– mbnoimi
    Dec 10, 2020 at 10:33

npm-only way:

  1. run:

    npm install uglifyjs-folder --save-dev
  2. and afterwards add to your package.json something like:

    "uglifyjs": "uglifyjs-folder js -eo jsm"
  3. then run:

     npm run uglifyjs

Please note, if you'd need to generate to the same folder as the source files are (js), following should do the job:

  1. run:

    npm install del-cli uglifyjs-folder --save-dev
  2. and afterwards add to your package.json something like:

    "uglifyjs": "del js/*.min.js; uglifyjs-folder js -eo js"
  3. then run:

     npm run uglifyjs

Further to the above answer, I now have this set up in my .bashrc file:

alias minify='rm *.min.js; for f in *.js; do short=${f%.js}; uglifyjs $f > $short.min.js; done'

uglify-js does not support ES6+ so I suggest to use terser (to install it run npm install terser -g) Below a shell script executing terser recursively for any path:



# Tiny shell script for terser any JavaScript project
# usage:
# ./terser_path <path_to_your_project>


find $path -name '*.js' -type f | while read f
    folderpath=$(dirname "$f")
    filename=$(basename "$f") 

# ----- METHOD 1 : Replace the old file
#    terser "$f" --output "$f" --compress --mangle
# ----- METHOD 2 : Create .min.js file
    terser "$f" --output "$nf" --compress --mangle
  • This is great! I ran into an issue, however, where the function names are not being mangled. I tried adding --module to the the CLI command to tell it I'm using ES6 modules, which should also automatically enable --keep-fnames=false, but it still doesn't work for me. Adding --keep-fnames=false causes an error Mar 2, 2021 at 9:15

You can use this configuration in gruntfile.js:

uglify: {
        all: {
            files: [{
                expand: true,
                cwd: '<path to js folder>',
                src: ['**/*.js', '!*.min.js'],
                dest: '<path to js folder>',
                ext: '.js'
  • 1
    This does not handle sub-folders? What should the "dest" be so that "app/app.js" and "mod/mod1.js" end up in "dest/app/app.min.js" and "dest/mod/mod1.min.js"?
    – Corey Alix
    May 16, 2016 at 13:13
  • same issue, this skips sub folders. Dec 3, 2019 at 19:38

make a bat file with start at each row beginning

start uglifyjs app\main.js -mt sort -c -e -o app\main.ug.js
start uglifyjs app\lib.js -mt sort -c -e -r myfunctionname -o app\lib.ug.js
start uglifyjs app\controllers\bbbCtrl.js -mt sort -c  -o     app\controllers\bbbCtrl.ug.js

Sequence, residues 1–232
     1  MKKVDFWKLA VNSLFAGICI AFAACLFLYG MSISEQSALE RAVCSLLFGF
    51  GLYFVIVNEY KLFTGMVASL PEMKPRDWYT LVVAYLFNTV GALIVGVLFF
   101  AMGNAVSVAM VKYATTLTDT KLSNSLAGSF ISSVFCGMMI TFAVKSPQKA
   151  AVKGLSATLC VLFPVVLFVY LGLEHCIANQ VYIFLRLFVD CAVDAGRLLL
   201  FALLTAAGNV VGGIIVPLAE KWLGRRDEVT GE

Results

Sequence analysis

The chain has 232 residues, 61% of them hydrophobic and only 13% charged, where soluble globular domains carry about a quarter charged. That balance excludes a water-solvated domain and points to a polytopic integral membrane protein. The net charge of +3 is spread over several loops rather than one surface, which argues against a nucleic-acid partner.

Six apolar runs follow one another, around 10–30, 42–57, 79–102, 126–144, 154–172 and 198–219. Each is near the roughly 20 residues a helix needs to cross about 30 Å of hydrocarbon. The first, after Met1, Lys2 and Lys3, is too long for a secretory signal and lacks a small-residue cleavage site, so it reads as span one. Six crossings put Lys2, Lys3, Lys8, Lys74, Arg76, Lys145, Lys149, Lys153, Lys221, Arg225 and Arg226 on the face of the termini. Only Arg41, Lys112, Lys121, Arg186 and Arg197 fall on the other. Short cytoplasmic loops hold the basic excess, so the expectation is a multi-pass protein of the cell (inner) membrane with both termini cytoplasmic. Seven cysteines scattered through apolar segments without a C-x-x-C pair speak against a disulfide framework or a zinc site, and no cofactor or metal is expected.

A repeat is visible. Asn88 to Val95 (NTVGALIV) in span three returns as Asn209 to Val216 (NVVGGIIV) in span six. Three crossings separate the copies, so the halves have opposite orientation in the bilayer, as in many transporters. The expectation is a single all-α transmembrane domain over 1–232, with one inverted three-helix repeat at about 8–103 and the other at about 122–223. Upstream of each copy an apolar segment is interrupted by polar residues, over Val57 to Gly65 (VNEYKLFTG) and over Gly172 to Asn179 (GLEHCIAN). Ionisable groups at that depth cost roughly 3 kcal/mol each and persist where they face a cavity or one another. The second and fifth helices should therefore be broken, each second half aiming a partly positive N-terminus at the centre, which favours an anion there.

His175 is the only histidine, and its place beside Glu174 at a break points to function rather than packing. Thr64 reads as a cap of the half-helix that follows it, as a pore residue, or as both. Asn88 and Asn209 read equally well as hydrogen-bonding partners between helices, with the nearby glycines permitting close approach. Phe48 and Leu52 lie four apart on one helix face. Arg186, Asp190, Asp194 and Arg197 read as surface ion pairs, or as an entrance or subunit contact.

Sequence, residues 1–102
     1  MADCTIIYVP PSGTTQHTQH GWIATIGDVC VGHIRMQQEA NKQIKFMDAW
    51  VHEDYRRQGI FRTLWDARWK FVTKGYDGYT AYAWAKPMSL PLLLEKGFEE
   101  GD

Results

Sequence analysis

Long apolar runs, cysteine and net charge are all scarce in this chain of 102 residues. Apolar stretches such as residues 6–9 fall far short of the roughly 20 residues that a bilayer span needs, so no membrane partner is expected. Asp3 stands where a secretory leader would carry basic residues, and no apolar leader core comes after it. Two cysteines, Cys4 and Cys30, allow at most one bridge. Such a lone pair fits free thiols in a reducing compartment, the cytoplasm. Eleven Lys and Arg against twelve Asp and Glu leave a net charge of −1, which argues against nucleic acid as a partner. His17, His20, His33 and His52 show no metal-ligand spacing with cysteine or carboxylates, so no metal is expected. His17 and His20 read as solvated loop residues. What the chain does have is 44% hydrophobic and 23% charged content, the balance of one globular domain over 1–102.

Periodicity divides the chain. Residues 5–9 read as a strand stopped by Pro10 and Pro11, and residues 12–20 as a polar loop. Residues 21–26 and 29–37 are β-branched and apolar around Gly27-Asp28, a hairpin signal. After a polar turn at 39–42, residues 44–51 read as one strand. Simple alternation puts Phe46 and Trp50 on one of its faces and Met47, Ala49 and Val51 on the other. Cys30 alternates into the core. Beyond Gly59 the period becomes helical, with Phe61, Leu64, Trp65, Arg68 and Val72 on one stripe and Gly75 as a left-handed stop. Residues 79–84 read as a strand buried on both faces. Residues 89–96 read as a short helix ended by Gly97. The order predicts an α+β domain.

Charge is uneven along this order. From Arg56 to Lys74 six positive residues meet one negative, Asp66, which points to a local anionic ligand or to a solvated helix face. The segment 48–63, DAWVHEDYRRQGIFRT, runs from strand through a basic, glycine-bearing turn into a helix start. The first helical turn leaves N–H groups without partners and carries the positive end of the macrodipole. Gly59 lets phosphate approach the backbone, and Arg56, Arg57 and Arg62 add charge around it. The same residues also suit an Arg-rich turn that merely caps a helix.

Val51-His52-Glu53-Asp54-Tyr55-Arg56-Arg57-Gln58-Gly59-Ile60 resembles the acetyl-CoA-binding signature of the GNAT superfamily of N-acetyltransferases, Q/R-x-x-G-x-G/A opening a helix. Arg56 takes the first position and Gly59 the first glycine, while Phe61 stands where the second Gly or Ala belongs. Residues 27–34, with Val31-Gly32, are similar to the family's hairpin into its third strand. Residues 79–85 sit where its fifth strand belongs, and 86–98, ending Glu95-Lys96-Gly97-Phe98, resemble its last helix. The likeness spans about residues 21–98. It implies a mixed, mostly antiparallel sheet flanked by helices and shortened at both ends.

start uglifyjs app\controllers\aaaCtrl.js -mt sort -c -e -o app\controllers\aaaCtrl.ug.js

you can use this npm module package

 npm i uglify-js-minify-css-allfiles
 npm i uglify-js clean-css
// making index.js file
const minifyAll = require('uglify-js-minify-css-allfiles');

// Folder Name (you will change all files in Folders)

npm package site


using uglifyjs with PowerShell on windows.

use Powershell to iterate over all js files in a directory (including child folders if -recurse is supplied) and call uglifyjs command for each one.

Be aware that this code will overwrite the original files with the uglified version. If you don't needed this, change the parameters for the uglifyjs command.

    Get-ChildItem "some directory path" -Recurse -Filter *.js | 
Foreach-Object {
    echo $_.FullName
    uglifyjs $_.FullName -o $_.FullName

Using bash script worked for me. You could use different commands or flags instead of uglifyjs "$file" -o "${file%.js}.min.js" -c -m.

To minify all .js files in your current directory as well as in all the sub-directories (NOTE: it has no depth limit so how much deeply nested sub-directories you have it would work on every .js file).

for file in $(find * -type f -iname "*.js"); do
uglifyjs "$file" -o "${file%.js}.min.js" -c -m 

Expected result : It will create minified .min.js files of every .js files inside your current directory as well as in all the sub-directories.

Warning : It will loop through all the directories and sub-directories. To limit sub-directory depth add -maxdepth <depth_limit_number>. for example first line could look like this, for file in $(find * -type f -iname "*.js" -maxdepth 3); do, to limit find for 3 sub-directories from your current directory. Use it on your own risk.